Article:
Until recently, the received precepts of modern curatorial practice favored the exclusive use of artificial light in all art galleries. It has perhaps been insufficiently recognized how this encapsulation tends to reduce the artwork to a commodity, since such an environment must conspire to render the work placeless. This is because the local light spectrum is never permitted to play across its surface: here, then, we see how the loss of aura, attributed by Walter Benjamin to the processes of mechanical reproduction, also arises from a relatively static application of universal technology.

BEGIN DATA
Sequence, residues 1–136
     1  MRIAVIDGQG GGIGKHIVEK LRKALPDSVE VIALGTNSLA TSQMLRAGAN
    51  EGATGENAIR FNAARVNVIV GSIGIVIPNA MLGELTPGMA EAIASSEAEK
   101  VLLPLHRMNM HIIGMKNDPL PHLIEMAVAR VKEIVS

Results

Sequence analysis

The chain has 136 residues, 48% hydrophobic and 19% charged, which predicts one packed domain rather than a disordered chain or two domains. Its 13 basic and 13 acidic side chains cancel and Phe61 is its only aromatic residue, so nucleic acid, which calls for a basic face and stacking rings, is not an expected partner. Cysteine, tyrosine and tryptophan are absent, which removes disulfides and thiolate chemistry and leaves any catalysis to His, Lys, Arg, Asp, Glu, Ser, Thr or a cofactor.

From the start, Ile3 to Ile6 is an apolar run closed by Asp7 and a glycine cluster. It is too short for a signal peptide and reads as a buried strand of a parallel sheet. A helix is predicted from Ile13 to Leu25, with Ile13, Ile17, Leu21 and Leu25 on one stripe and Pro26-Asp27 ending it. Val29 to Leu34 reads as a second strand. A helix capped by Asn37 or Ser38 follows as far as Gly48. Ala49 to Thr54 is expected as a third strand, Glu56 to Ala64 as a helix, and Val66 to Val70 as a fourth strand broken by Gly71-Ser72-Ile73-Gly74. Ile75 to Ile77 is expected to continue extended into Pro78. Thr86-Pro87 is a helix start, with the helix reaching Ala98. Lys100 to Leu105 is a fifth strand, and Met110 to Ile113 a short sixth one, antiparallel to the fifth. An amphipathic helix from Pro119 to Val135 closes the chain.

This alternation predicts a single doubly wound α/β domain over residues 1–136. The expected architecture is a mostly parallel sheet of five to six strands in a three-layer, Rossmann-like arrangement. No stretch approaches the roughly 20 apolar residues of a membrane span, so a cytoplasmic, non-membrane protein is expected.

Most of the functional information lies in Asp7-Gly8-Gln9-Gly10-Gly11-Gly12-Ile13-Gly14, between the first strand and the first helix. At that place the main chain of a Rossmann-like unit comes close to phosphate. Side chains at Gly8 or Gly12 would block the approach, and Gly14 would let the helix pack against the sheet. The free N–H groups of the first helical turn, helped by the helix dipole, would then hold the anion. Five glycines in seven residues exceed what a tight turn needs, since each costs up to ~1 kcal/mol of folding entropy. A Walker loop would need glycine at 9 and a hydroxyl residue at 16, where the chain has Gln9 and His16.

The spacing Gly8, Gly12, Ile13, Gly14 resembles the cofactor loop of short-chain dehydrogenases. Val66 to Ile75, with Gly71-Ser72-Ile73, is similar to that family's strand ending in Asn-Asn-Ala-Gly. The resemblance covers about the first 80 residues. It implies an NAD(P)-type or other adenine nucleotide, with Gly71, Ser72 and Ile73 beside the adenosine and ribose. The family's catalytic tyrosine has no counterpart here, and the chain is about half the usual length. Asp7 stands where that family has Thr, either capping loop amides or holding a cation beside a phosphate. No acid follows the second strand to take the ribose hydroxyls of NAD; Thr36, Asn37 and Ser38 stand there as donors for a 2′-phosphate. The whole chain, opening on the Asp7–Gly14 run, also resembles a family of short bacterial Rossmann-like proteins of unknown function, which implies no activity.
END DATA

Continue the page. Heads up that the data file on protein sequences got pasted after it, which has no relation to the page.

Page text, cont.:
Frampton, K. (1983) ‘Towards a Critical Regionalism: Six Points for an Architecture of Resistance’ in Foster, H. (ed.), The anti-aesthetic: essays on postmodern culture, Cambridge (Mass.) and London, 1983, pp. 29–30.
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